The city of Springfield, Ill., faced a number of problems with the storm water runoff that occurred at its public works garage facility. Primarily, runoff from the facility—particularly the city’s salt dome—introduced harmful pollutants into the sewer system, and the volume of water that was entering the sewer during rain events was causing frequent backups. To address these problems, the city teamed up with design firm Hanson Professional Services to create a bioswale and reuse solution that not only will address the health of the sewer system, but also provide a new water resource.
The bioswale captures storm water from the western half of the 5-acre site and filters it using engineered soil composed of topsoil, compost and wood mulch, planted with salt-resistant grass. The storm water from the east half of the site is pretreated in a hydrodynamic separator before being stored in underground tanks. The stored water then is fed through a prefilter, sand filter and chlorinator and stored in a 10,000-gal tank. Sewer-jetting trucks and street sweepers use the treated water in lieu of potable water; the system is expected to save the city 1.4 million gal of potable water per year.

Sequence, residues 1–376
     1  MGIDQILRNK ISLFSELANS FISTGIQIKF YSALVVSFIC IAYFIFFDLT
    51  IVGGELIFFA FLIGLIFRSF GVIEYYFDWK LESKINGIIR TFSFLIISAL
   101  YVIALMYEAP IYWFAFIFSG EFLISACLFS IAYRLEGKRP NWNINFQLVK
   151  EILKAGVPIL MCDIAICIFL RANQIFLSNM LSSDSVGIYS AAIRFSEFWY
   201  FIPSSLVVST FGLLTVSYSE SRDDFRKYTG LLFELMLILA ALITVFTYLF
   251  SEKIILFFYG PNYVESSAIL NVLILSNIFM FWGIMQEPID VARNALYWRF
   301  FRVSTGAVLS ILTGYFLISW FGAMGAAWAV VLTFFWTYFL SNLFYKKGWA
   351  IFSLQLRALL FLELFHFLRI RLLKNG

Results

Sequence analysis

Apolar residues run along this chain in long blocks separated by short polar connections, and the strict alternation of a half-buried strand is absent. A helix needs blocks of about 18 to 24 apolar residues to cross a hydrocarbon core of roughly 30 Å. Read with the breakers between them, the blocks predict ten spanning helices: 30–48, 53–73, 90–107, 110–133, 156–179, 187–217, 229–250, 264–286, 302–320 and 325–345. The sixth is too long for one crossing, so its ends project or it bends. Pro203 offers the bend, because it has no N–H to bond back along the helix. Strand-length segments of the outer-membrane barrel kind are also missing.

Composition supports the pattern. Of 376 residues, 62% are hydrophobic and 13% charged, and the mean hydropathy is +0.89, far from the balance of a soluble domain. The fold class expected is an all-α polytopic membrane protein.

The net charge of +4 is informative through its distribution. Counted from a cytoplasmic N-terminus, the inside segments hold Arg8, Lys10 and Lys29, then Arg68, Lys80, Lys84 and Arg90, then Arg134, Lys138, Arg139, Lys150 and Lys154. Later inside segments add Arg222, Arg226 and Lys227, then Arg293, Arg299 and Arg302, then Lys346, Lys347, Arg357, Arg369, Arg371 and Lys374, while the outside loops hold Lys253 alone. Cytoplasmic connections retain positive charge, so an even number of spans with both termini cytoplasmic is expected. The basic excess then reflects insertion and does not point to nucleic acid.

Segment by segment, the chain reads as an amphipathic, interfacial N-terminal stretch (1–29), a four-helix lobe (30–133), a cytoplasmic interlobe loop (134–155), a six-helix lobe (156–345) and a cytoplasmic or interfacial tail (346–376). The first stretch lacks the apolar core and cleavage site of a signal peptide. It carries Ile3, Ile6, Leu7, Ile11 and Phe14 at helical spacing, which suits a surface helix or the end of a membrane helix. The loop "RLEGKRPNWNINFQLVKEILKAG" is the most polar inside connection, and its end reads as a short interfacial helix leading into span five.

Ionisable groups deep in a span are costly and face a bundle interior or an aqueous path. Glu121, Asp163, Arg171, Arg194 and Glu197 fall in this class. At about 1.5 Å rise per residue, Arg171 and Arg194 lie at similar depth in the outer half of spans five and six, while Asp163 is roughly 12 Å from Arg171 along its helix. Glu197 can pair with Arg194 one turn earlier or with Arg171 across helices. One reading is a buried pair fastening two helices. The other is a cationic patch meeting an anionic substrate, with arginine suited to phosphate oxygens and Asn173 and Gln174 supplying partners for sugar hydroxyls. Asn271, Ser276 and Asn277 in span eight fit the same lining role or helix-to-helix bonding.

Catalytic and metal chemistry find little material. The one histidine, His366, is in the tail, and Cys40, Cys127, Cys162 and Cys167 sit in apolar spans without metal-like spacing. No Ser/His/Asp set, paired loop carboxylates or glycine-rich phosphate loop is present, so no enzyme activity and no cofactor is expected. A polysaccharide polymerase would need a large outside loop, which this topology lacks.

Adding the storage tanks to the site created some issues.
“The largest challenge during construction was the excavation for the underground storage, which is 18 ft deep,” said Lee Bloome, P.E., water and sewer infrastructure engineer for Hanson. “In addition, the city’s public works garage facility is an active facility with equipment constantly being moved and raw materials stored on site. Equipment normally stored at the facility had to be moved to alternate sites, and the normal flow of traffic was altered during construction to keep the site safe.”
An Illinois Green Infrastructure Grant covered much of the project cost. Work on the project began in October 2014 and was completed in May 2015.